Wednesday, January 31, 2007

Just a PR exercise?

It gets a lot of critisicm, particularly from the pro-war left, but I have to say that I think the Guardian's Comment Is Free really is a marvellous part of the Guardian website. Why? Because for all the ranty, angry arguments and semi-useless columns, if you stick with it you'll eventually find something remarkable there. Sometimes it's an absolutely brilliant article. Sometimes it's a thoughtful and articulate debate. Sometimes it's both, as is the case with the latest article by Daniel Davies.

He starts with a slightly off-putting premise, that what is needed to help inter-race relationships in the UK is a bit of spin. He even goes so far as to offer David Cameron a little faint praise. But from such inauspicious beginnings he spins out a really tremendous argument, which may not be a workable PR strategy or anything, but it's a beautiful illustration of how badly the government and their allies have got it wrong. He hardly puts a foot wrong, and even shows up regularly in the comments boxes, explaining himself, offering clarifications, making jokes and getting on with everyone. In turn, everyone is nice back, and pretty much everyone makes thought-provoking comments. Brilliant. Davies, meanwhile, is delightfully limpid.

"First, get our Muslim population feeling a lot more positive about Britain and its politics. And second, persuade our Muslim population to come out of their ghettoes and integrate more with the rest of British society, in the vague hope that the more they see of us, the more they'll like us.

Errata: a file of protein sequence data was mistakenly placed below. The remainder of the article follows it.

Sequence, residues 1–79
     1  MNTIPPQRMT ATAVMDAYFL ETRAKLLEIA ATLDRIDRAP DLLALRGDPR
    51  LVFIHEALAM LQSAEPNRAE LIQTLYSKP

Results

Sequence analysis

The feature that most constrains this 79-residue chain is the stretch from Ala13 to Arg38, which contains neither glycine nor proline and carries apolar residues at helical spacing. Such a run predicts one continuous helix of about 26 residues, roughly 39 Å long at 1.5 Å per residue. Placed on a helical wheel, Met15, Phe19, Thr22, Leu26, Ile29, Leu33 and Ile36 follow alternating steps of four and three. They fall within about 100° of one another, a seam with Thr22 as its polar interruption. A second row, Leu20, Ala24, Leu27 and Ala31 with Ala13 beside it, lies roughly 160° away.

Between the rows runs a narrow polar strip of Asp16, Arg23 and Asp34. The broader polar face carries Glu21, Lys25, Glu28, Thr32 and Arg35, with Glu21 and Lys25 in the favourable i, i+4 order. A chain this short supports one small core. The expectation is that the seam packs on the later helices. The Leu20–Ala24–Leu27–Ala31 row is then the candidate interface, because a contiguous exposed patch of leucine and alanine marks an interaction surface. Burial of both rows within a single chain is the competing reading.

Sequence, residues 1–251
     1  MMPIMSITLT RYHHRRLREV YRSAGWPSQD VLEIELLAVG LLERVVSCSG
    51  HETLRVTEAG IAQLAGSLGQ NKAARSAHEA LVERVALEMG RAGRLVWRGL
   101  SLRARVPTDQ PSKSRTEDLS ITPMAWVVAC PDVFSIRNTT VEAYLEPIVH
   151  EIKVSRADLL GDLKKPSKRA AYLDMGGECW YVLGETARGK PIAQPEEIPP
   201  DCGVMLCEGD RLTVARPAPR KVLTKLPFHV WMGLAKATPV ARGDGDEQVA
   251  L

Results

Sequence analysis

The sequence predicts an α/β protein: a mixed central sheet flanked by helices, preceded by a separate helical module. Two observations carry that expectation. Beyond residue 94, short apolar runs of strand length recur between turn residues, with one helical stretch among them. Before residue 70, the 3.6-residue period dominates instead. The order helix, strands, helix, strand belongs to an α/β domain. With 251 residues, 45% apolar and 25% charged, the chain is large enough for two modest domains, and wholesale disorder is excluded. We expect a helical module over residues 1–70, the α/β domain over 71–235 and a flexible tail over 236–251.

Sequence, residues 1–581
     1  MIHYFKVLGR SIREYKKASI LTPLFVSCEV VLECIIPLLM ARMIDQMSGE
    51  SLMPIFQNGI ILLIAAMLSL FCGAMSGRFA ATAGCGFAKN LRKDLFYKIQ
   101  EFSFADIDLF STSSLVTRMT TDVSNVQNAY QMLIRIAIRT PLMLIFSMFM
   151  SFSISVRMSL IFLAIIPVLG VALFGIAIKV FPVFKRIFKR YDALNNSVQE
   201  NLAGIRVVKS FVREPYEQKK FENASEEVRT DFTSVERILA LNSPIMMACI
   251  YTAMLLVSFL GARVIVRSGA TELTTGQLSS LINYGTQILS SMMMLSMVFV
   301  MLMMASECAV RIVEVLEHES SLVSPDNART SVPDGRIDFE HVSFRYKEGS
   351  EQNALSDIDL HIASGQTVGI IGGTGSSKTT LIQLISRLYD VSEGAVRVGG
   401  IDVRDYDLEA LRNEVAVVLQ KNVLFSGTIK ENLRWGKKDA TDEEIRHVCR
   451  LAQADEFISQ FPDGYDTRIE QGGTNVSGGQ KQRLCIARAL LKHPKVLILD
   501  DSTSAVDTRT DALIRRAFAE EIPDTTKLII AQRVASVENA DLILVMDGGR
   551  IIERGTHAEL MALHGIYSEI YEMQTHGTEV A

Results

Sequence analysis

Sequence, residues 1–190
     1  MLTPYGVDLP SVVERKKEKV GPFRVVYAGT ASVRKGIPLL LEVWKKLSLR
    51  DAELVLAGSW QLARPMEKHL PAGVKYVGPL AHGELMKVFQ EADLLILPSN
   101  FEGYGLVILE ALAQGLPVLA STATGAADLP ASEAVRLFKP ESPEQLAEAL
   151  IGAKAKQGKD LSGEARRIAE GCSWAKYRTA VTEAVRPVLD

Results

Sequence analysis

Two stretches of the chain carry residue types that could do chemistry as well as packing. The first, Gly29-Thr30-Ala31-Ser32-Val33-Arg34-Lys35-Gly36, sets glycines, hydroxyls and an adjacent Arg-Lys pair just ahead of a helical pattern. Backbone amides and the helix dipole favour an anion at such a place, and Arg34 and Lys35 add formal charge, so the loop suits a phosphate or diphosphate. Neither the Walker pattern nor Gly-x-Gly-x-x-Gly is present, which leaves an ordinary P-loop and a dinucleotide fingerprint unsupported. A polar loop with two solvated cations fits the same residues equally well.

Straight off, you can see that this is an uphill job. Among the features of this situation that push it into the "tough sell" category are:

a) We currently don't propose to stop killing Muslims overseas. This is a problem because Muslims here rather sympathise with Muslims elsewhere. You might think that they shouldn't but they do.

b) We're asking them to more or less do all the work; there is no practical proposition for encouraging white people to make an effort to integrate with the Muslims.

c) It was us that put them in those ghettoes in the first place.

d) We're asking them to make a number of fairly fundamental changes to the way they live their social and family life. In the long run, the benefits of liberal society ought to sell themselves, but promoting the switchover is bound to be difficult - look at how much time and trouble have gone into digital television, and this is a bigger change.

This is a tough sell. Luckily, we have our best men on the job. Oh sorry, we don't."
Sadly, this is true. We have John Reid.

Brilliant article.

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